4. Annalisa Cristini & Alessandro Gaj & Riccardo Leoni, 2008. "Direct and Indirect Complementarity between Workplace Reorganization and New Technology," Rivista di Politica Economica, SIPI Spa, vol. 98(2), pages 87-117, March-Apr.
    5. repec:hal:journl:hal-00710213 is not listed on IDEAS
    6. Peter Skott & Frederick Guy, 2007. "Power, productivity and profits," UMASS Amherst Economics Working Papers 2007-02, University of Massachusetts Amherst, Department of Economics.
    7. Francis Green & Nicholas Tsitsianis, 2004. "Can the Changing Nature of Jobs Account for National Trends in Job Satisfaction?," Studies in Economics 0406, School of Economics, University of Kent.
    8. Peter Skott, 2011. "Heterodox macro after the crisis," UMASS Amherst Economics Working Papers 2011-23, University of Massachusetts Amherst, Department of Economics.
    9. Green, Francis & McIntosh, Steven, 2001. "The intensification of work in Europe," Labour Economics, Elsevier, vol. 8(2), pages 291-308, May.
    10. Philippe Askenazy & Eve Caroli, 2006. "Innovative work practices, information technologies and working conditions: evidence for France," EconomiX Working Papers 2006-2, University of Paris Nanterre, EconomiX.
    11. Michael Bittman & Judith Brown & Judy Wajcman, 2009. "The Cell Phone, Constant Connection and Time Scarcity in Australia," Social Indicators Research: An International and Interdisciplinary Journal for Quality-of-Life Measurement, Springer, vol. 93(1), pages 229-233, August.
    12. Bental, Benjamin & Demougin, Dominique, 2010. "Declining labor shares and bargaining power: An institutional explanation," Journal of Macroeconomics, Elsevier, vol. 32(1), pages 443-456, March.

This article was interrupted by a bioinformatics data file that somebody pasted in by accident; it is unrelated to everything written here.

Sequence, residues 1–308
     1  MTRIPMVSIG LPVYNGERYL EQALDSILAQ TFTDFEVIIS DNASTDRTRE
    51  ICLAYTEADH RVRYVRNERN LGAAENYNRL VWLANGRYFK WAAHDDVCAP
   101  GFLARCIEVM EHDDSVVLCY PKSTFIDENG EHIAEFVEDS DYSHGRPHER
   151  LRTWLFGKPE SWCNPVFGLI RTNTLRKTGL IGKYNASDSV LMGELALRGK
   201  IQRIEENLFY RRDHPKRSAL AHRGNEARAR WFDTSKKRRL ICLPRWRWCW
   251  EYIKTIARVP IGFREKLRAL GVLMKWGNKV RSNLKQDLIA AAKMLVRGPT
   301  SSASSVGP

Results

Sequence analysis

13. Skott, Peter & Guy, Frederick, 2007. "A model of power-biased technological change," Economics Letters, Elsevier, vol. 95(1), pages 124-131, April.
    14. William Brown & David Marsden, 2010. "Individualisation and Growing Diversity of Employment Relationships," CEP Discussion Papers dp1037, Centre for Economic Performance, LSE.
    15. Gayle Porter, 2010. "Work Ethic and Ethical Work: Distortions in the American Dream," Journal of Business Ethics, Springer, vol. 96(4), pages 535-550, November.
    16. Sergio De Nardis & Marco Malgarini, 2008. "Monitoring Italy 2007," Rivista di Politica Economica, SIPI Spa, vol. 98(2), pages 3-13, March-Apr.
    17. David Fairris, 2004. "Towards a Theory of Work Intensity," Eastern Economic Journal, Eastern Economic Association, vol. 30(4), pages 587-601, Fall.
    18. Peter Skott & Frederick Guy, 2005. "Power-Biased Technological Change and the Rise in Earnings Inequality," UMASS Amherst Economics Working Papers 2005-17, University of Massachusetts Amherst, Department of Economics.

    More about this item

    Keywords

    Labour supply; work effort; work intensity; wages; technical change; work organisation; unions; high commitment policies; incentives.;

    JEL classification:

    • J22 - Labor and Demographic Economics - - Demand and Supply of Labor - - - Time Allocation and Labor Supply
    • J33 - Labor and Demographic Economics - - Wages, Compensation, and Labor Costs - - - Compensation Packages; Payment Methods
    • J51 - Labor and Demographic Economics - - Labor-Management Relations, Trade Unions, and Collective Bargaining - - - Trade Unions: Objectives, Structure, and Effects